So here’s where we are now: After 11 months of having no home, we now have two — the mansion basement we are leaving and an apartment unit less than a mile away that we are moving into, it being the very unit my parents lived in when I was born in Winston-Salem, North Carolina.
I’m paying double rent in April, giving me time to make the transition to the new place from the basement, which we’re leaving because of Ace’s recently diagnosed herniated disc, and the 11 steps required to get in and out.
As fate would have it, not long after Ace’s problem flared up, my mother, who lives in this town, was showing me the first place I ever lived — not counting the hospital — when we spotted a “For Rent” sign in the window of the apartment unit.
On top of its reasonable rent and two small steps to get inside, it seemed a somehow symmetrical place — it’s not where our trip started, but it is where I did — for Ace and me to end our year on the road.
We’ll move in this weekend, and begin unpacking all the belongings I left in storage when Ace and I pulled out of Baltimore 11 months ago to see America.
Said stuff was packed into the truck Monday in Baltimore, with help from Will Weaver and some other friends, all of whom made a daunting task slightly less so.
Will followed me back down to North Carolina in the rental truck Tuesday. And on Wednesday, Will and I — that’s him (top photo), with one of my prized possessions, a painting of Ace — lugged everything into the new place. That’s me (above left) testing the two small steps into the new place to make sure they are structurally sound.
Then we drove the truck down to Charlotte to pick up a box spring and mattress my cousin and her husband offered me. We stopped for breakfast at a Waffle House, and I picked up a job application (It has always been a fantasy of mine to be the grill person at a Waffle House — though, for now, it remains Plan B.)
Back in the truck, Will drove, while I, aching by then, put my feet up. Thanks to his GPS device, there was no need for my navigational skills, which was good because my knowledge of Charlotte’s roadways had grown foggy in the ten years since I lived there.
At my cousin’s house, as their cat Manny watched, we loaded the bed, and a coffee table, too, on the truck. We were almost halfway back to Winston-Salem when we realized I’d left the dolly that came with the truck back in Charlotte.
Since you can’t clone that kind of dolly (subtle advertisement for my book), I drove back to Charlotte yesterday to pick it up, then back here to square things away with the rental company, which was also wondering what happened to the truck’s front grill. (It came without one.)
For the next few days, I’ll be unpacking, cleaning (a coat of greasy grunge somehow glommed on to all my belongings while they were in a locked storage unit), arranging furniture and decorating, being sure to do some accessorizing to really make things pop.
In the days ahead, we’ll be bidding farewell to the mansion basement, which — except for its stairs, and somewhat depressing lack of sunlight — served us nicely.
Ahead, too, are all the annoying little hassles and choices I gleefully avoided during our near-year as roaming vagabonds — cable or satellite, utility bills, vacuuming, doorbells, and the ongoing dilemma of too much stuff.
We’ll be doing some downsizing, since a lot of my junk is just that, and since the new place doesn’t have much in the way of storage areas. Fortunately, there’s a Goodwill donation center right down the road.
I’m thankful, as Ace and I enter a new phase, for that Goodwill — and for the other good Will, the one from Philadelphia, for helping to carry my load.
(Cat photo and John-testing-the-steps photo by Will Weaver)
Posted by jwoestendiek April 15th, 2011 under Muttsblog.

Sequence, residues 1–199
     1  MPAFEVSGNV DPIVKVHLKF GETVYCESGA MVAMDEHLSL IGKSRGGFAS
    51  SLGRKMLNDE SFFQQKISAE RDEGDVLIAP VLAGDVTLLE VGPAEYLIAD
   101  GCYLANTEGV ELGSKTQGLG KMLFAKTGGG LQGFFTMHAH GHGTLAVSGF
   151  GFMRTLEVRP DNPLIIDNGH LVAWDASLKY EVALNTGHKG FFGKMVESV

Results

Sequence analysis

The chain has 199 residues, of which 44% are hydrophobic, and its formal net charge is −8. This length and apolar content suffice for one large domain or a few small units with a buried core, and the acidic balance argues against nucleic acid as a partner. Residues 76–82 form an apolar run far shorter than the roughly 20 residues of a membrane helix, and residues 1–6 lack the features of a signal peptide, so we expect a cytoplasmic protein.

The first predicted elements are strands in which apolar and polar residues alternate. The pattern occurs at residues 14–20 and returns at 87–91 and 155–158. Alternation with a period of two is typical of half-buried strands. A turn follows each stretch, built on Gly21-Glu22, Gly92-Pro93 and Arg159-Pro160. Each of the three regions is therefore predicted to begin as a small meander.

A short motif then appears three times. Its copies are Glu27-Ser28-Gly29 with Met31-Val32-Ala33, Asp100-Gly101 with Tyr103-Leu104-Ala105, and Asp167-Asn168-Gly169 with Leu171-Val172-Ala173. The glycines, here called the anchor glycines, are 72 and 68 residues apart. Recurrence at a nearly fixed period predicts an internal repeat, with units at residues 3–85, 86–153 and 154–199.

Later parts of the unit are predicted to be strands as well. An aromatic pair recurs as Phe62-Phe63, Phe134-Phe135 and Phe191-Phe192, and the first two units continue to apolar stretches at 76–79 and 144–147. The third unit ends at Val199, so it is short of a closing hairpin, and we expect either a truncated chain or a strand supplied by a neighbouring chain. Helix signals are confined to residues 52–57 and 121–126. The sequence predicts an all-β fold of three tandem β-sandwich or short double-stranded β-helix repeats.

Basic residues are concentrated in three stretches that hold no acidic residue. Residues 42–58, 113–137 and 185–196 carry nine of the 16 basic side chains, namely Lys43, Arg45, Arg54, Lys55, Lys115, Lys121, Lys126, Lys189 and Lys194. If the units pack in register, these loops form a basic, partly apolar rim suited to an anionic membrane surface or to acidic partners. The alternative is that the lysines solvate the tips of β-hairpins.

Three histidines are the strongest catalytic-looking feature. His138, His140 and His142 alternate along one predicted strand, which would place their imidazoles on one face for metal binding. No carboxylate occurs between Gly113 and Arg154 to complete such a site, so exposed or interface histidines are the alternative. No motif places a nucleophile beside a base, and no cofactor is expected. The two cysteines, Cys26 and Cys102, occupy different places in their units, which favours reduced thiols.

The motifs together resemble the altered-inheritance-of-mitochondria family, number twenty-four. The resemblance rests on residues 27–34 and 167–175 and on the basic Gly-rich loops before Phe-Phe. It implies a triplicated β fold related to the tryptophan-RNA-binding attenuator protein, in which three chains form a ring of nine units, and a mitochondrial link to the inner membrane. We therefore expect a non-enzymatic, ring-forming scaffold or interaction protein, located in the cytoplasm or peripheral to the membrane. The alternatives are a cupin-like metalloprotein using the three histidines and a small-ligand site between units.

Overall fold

Tags: ace, animals, baltimore, basement, dogs, dolly, downsizing, mansion, move, moving, north carolina, packing, pets, possessions, relocation, rental, storage, storage units, stuff, travel, traveling, traveling with dogs, travels with ace, truck, waffle house, will weaver, winston-salem
Participants, whether they are hiking the 1.5-mile walk-a-thon or checking out vendors and entertainment, will be helping to support homeless animals in the Baltimore area.
For the walk-thon, registration opens at 9 a.m. and starting line ceremonies will take place at 10 a.m.
The event also features a demonstration by Mid-Atlantic Disc Dogs, pet training tips, an agility course for dogs, low-cost micro-chipping, a “flea-less” market of pet friendly vendors, musical chairs for dogs, and a pet costume contest judged by celebrity guests, food and entertainment.
Prizes will be awarded to the top fundraisers, including a grand prize trip to the Bahamas. Participants will receive a special “doggy bag” that includes treats, corporate giveaways and other gifts. Dog bandanas will be given to those who raise at least $30, and the 2011 March for the Animals t-shirt will be given to walkers who raise at least $40.
Posted by jwoestendiek April 15th, 2011 under Muttsblog.
Tags: adoption, animals, baltimore, demonstrations, dogs, Druid Hill Park, entertainment, event, events, fundraiser, March for the Animals, maryland, mdspca, pets, rescue, shelters, spca
More than 1,000 pit bull lovers in Baltimore have joined in a boycott of 98 Rock after morning show co-host Mickey Cucchiella issued a call for pit bulls to be banned, kicked and executed.
To hear his rant, go to my Facebook page.
To support the boycott, go to its Facebook page.
Cucchiella, the abrasive and often sophmoric co-host of the morning show on WIYY (97.9 on your FM dial), made the remarks after a 7-year-old girl was attacked in Dundalk by two dogs, initially identified as pit bulls.
Later, Baltimore County issued a correction, stating the dogs were not pit bulls, but American bulldogs. Both dogs were euthanized with their owner’s consent. The girl remains hospitalized with serious facial injuries that will require multiple surgeries.
“Here’s what flips me out,” Cucchiella says in the broadcast. “A little girl’s face was eaten and you hear like ‘Oh, that’s terrible.’ Michael Vick killed these idiot dogs that were people killers. That’s what he was doing, he was making them fight each other … The whole world’s in an outrage… ‘Look what Michael Vick did it’s horrible.’